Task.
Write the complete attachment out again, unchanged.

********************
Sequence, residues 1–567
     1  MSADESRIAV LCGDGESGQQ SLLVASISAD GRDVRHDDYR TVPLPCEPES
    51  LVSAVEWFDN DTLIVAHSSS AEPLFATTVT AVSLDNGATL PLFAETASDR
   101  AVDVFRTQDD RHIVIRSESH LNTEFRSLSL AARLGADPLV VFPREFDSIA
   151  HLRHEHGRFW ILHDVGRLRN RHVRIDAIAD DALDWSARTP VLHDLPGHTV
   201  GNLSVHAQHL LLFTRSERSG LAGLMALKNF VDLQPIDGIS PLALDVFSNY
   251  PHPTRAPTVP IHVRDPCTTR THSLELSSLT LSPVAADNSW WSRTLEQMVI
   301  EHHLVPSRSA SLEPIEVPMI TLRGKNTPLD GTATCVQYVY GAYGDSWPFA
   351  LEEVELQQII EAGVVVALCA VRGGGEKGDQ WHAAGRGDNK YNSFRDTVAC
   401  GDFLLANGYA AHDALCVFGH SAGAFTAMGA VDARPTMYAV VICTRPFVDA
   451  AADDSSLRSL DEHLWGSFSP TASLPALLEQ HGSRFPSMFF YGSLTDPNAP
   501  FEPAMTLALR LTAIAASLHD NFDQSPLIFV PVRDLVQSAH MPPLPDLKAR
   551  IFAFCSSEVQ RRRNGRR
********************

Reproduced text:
Sequence, residues 1–567
     1  MSADESRIAV LCGDGESGQQ SLLVASISAD GRDVRHDDYR TVPLPCEPES
    51  LVSAVEWFDN DTLIVAHSSS AEPLFATTVT AVSLDNGATL PLFAETASDR
   101  AVDVFRTQDD RHIVIRSESH LNTEFRSLSL AARLGADPLV VFPREFDSIA
   151  HLRHEHGRFW ILHDVGRLRN RHVRIDAIAD DALDWSARTP VLHDLPGHTV
   201  GNLSVHAQHL LLFTRSERSG LAGLMALKNF VDLQPIDGIS PLALDVFSNY
   251  PHPTRAPTVP IHVRDPCTTR THSLELSSLT LSPVAADNSW WSRTLEQMVI
   301  EHHLVPSRSA SLEPIEVPMI TLRGKNTPLD GTATCVQYVY GAYGDSWPFA
   351  LEEVELQQII EAGVVVALCA VRGGGEKGDQ WHAAGRGDNK YNSFRDTVAC
   401  GDFLLANGYA AHDALCVFGH SAGAFTAMGA VDARPTMYAV VICTRPFVDA
   451  AADDSSLRSL DEHLWGSFSP TASLPALLEQ HGSRFPSMFF YGSLTDPNAP
   501  FEPAMTLALR LTAIAASLHD NFDQSPLIFV PVRDLVQSAH MPPLPDLKAR
   551  IFAFCSSEVQ RRRNGRR